In The News

Adams County CEO Visits QBTC - September 2020

Area high school seniors visited QBTC and had a great opportunity to learn more about our service offerings to area entrepreneurs. They asked great questions and Melinda Ward, Manager of DenLine Medical Uniforms, presented information and insights on business through her years of management experience. We also got the chance to learn more about the Adams County CEO Entrepreneur Program and the steps they are taking to advance the knowledge and understanding of business in our area. You can visit their webpage to learn more about their program. We had a great day and want to thank the Adams County CEO Entrepreneur Program.

We received a nice note from their members…..

Our class wants to thank you for allowing us to come in and tour QBTC. We loved to hear about your family businesses and your own business experience. Learning about Denline Medical Uniforms and Illinois Signal was also really interesting. Thanks again! Adams County CEO

 

“Local business under new leadership”

By Whitney Williams, WGEM Feb. 29, 2016news

 

Les McKenzie was the executive director of Quincy Business & Technology for nearly 20 years, but now QBTC has new leadership.

Skip Bright took on the title of executive director Feb. 1.

Bright worked in the banking industry for about 30 years and was involved in economic development before taking this new position. He will continue to improve the facilities, technology and provide mentoring to entrepreneurs.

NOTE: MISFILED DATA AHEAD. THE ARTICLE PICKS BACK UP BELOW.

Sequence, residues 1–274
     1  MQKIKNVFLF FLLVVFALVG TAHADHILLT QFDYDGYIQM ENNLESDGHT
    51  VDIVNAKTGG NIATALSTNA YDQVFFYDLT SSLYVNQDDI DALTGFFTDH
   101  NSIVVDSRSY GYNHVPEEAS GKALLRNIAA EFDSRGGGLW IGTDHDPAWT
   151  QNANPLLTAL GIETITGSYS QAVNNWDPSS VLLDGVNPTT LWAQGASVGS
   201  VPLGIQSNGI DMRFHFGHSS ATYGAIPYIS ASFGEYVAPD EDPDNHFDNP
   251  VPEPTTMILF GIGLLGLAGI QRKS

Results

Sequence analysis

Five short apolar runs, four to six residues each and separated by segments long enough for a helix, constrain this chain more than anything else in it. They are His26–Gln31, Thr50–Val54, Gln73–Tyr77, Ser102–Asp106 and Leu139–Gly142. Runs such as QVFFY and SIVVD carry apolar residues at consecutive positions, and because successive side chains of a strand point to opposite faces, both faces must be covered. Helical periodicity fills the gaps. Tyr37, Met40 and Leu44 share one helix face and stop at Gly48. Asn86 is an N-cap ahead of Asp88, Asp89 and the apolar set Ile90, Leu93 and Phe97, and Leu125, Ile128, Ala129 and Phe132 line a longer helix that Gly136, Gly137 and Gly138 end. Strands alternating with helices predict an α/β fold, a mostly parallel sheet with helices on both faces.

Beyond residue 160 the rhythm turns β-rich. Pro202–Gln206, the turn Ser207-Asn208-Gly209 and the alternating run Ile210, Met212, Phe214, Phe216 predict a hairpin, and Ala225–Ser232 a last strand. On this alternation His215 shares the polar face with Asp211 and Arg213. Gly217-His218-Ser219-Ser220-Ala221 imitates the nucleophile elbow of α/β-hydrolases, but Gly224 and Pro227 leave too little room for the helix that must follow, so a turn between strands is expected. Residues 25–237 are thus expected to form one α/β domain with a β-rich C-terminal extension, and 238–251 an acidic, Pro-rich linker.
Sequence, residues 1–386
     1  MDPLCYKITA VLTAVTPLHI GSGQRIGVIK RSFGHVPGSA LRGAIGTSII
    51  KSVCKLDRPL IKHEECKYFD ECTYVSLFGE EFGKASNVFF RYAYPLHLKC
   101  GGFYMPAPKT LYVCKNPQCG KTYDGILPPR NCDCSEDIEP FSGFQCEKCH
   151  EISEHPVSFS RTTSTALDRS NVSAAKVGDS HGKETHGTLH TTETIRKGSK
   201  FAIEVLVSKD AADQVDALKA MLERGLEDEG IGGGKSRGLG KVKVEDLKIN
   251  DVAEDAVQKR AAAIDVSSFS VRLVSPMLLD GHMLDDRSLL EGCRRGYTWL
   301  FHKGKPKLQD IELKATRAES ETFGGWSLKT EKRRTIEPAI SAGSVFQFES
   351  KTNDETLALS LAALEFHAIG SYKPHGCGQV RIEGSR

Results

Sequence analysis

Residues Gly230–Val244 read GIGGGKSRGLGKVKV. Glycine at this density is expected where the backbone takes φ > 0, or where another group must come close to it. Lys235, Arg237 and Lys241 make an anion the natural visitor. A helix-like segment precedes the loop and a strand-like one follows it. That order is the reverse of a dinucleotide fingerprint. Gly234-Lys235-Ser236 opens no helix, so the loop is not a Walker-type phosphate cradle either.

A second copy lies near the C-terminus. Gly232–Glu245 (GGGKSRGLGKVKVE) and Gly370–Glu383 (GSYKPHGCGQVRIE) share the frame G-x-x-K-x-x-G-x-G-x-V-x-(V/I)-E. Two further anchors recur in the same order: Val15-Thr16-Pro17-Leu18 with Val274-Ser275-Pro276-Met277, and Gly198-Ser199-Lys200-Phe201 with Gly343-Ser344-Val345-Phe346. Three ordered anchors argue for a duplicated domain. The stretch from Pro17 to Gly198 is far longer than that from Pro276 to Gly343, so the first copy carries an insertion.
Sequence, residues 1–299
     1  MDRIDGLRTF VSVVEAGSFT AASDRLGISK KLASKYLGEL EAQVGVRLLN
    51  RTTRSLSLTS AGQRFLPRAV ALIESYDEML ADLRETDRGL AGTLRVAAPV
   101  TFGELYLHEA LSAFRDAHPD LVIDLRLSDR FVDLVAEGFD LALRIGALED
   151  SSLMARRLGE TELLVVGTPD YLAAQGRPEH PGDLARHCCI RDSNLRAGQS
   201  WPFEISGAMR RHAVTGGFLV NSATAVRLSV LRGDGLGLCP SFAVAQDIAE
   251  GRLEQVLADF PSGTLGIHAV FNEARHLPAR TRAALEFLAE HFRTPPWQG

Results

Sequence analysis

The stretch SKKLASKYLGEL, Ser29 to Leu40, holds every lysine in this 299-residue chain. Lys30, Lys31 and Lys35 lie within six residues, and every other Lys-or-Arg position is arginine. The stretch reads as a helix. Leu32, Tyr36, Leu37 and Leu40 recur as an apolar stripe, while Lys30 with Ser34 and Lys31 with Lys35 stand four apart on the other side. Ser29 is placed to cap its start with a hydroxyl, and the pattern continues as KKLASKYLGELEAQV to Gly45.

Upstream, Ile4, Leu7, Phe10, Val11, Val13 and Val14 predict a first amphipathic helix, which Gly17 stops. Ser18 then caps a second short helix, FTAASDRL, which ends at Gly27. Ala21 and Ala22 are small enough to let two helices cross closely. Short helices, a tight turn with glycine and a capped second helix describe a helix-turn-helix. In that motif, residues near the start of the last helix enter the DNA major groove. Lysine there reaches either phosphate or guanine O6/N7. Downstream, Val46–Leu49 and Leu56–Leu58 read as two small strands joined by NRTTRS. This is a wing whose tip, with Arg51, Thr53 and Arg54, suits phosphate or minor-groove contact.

"Engaged with QU's marketing class and we're getting a look at ourselves through fresh young eyes," Bright said. "And get a fresh perspective."

Bright says QBTC should be a significant contributor to the economic development effort.

Read this story on the WGEM website.

 

“McKenzie announces retirement from Quincy business and Technology Center”

By Matt Hopf, Herald-Whig Nov. 2, 2015

When Les McKenzie was hired to lead the Quincy Business and Technology Center, he did not expect to stay long.

"I was only going to do it for a year or a year-and-a-half," McKenzie said. "Then they could go out and hire somebody and bring them in after we got it turned around."

However, he found working with the businesses enjoyable and stayed for 19 years. But now he plans to retire as executive director of the nonprofit business incubator at Third and Oak by the end of the year.

"I enjoyed working with the clients and all the support organizations within the community and the creation of over 500 jobs that we were able to put on the street," he said. "The wealth of that to the community is part of what makes Quincy successful."

More than 80 businesses have run through the center, with more than 50 being start-ups. McKenzie said about 65 percent of businesses were successful after they left the center. Twenty businesses currently fill the 67,000-square-foot building, and occupancy has typically remained above 90 percent.

Read then entire story on the Herald-Whig website.